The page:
For those of us lucky enough to have the option of mobility, there’s a moment when you realize you need a change of scenery: a new job, a new city, a new social circle. The rhythms of your everyday life are too convenient, the interactions too typical—nothing has changed and it seems unlikely that they will, so perhaps it’s just better to move on and try somewhere new.
I’m thinking about this adult phenomenon as the Nets head to Denver tomorrow night, where two former Washington castaways—Andray Blatche and JaVale McGee—will play against each other in a radically new context (not for the first time, I should note). A year ago, they were both underachieving Wizards prone to goofing off, inconsistent play and the occasional fistfight, poster children for the perils of throwing young talent together and expecting things to automatically jell. Now, they’re indispensable bench elements of two playoff teams: McGee the game-changing transition weapon there for the block or alley oop, Blatche the instant offense capable of remapping shot charts with his unconventional but somehow effective shooting selection. Statistically, both players are having their best years ever, with career-high player efficiency ratings and improved numbers across the board. More importantly, they’ve been decoupled from the expectation of being a franchise player. No longer are they judged against the idea of what they might be, but against what they’re capable of right now—which, as it turns out, is plenty.
Both players came to Washington on the tail end of the Gilbert Arenas years, when the team’s ceiling had already been hit without the ownership’s realization. They were given big minutes and expected to play a big part going forward, but any sense of continuity was upset by the chaos of coaches coming and going, teammates getting suspended, and an imprecise, constantly redefined rebuilding plan. Were they expected to be veterans and mentor new Wizards like John Wall and Jan Vesely? Were they still works-in-progress? Did McGee deserve a big contract? Did Blatche deserve his? The situation seemed increasingly tense, with McGee’s mother memorably calling out the team for how they were coaching her son (a biased perspective, of course, but it’s not like her comments were out of line). Eventually, they were both given away: Blatche was amnestied, while McGee was unloaded in a multi-player trade to Denver.
It’s hard to get athletes to go on the record about how they really feel about a former team: There are too many things at stake, whether it’s social standing or a future contract, and the media has a long history of blowing things way out of proportion. However, Blatche has been increasingly candid after an initial reticence; he’s talked about his motivation to screw the Wizards salary cap, and even showed up to a Washington radio show to get chewed out something fearsome by the understandably bitter hosts. ”I’m trying to move on,” he said. “You know, it’s kind of hard to move on,” he said a moment later. Eventually, some enterprising reporter will get the story of how things really went down in a way that holds everyone accountable: player, coach, owner, organization, fanbase and whoever else. Still, it might take a while.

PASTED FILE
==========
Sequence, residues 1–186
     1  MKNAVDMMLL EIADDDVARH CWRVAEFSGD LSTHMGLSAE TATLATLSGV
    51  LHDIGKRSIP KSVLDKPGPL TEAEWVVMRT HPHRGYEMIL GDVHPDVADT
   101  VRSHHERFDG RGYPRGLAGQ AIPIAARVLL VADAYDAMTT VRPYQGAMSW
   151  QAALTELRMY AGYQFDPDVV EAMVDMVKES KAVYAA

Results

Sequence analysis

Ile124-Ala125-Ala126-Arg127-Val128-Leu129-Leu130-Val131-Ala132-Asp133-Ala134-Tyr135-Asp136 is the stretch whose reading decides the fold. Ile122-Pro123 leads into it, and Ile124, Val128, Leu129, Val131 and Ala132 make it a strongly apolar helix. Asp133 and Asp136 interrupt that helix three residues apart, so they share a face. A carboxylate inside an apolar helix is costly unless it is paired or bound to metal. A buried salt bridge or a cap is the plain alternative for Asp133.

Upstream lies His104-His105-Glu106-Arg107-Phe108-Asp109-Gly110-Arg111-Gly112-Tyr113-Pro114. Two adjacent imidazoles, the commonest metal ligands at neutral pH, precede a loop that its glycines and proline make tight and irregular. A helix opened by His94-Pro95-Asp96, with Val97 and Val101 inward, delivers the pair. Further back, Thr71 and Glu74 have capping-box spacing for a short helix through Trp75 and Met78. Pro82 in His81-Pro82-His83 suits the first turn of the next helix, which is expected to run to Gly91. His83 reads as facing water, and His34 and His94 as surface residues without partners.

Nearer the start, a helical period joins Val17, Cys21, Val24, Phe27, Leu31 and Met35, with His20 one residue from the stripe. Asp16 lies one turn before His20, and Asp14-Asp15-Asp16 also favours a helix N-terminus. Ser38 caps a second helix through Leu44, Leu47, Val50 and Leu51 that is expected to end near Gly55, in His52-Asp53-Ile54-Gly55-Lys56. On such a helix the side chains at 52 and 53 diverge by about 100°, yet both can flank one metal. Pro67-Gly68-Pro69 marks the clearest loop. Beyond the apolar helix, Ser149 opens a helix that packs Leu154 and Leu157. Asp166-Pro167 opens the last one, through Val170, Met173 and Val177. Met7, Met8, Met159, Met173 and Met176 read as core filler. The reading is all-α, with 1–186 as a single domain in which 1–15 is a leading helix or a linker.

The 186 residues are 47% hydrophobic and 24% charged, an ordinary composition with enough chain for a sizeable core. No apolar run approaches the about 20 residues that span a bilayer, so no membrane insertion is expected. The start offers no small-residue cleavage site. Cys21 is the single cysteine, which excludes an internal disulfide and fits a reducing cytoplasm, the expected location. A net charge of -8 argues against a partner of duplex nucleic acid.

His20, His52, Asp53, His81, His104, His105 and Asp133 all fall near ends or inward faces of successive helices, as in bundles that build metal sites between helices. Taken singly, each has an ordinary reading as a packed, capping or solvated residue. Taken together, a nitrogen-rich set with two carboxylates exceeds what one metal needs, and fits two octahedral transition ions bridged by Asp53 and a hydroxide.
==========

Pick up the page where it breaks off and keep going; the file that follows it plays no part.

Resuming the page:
A few days ago, a spectacularly edited mixtape of high level high school prospect Andrew Wiggins’s senior season was dropped on the Internet, prompting Internet effusion over what might be if he weren’t limited by the NBA’s age restriction. While I’m wary over how pro ready we can deem a player based on his ability to crossover laughably overmatched 14 year olds, I feel like the more important question is judging how ready any teenager is to take care of himself. How ready for adult life were you at 18 or 19 or 20? Maturity is situation dependent—it’s not something that grows apropos of nothing, but from the specific experiences and lessons any particular person will go through.
“Duh,” you remark, but I’m not sure if there’s enough sympathy for how young players who haven’t had that mental transition are thrown into the machine. Blatche was drafted out of high school, while McGee left college after his sophomore year; I’m about the same age as them, but they’ve been working as millionaire employees of a multi-billion dollar industry for a combined 13 years. How did they handle it? It’s easy to laugh at the image of a Kwame Brown (another Washington castoff) who throws his suits in a corner, but who was telling him to do otherwise? Andrew Wiggins isn’t Kwame Brown or McGee or Blatche, and he could be very well ready to handle such adult considerations. But watching players like DeMarcus Cousins or Tyreke Evans struggle to get it together says something about the importance of where one’s formative adult experiences take place, and it’s little coincidence that McGee and Blatche perked up as soon as they got out of Washington.
I can’t speak to the frustration of being a Wizards fan and watching them plateau year after year, but I’m inclined to be sympathetic to any young adult’s journey toward maturity. Again, sometimes you’ve got to move on before you can move on, if you get what I mean—and pardon my inner sap, but it’s nice to see two undeniably entertaining and talented players finding their place in the league.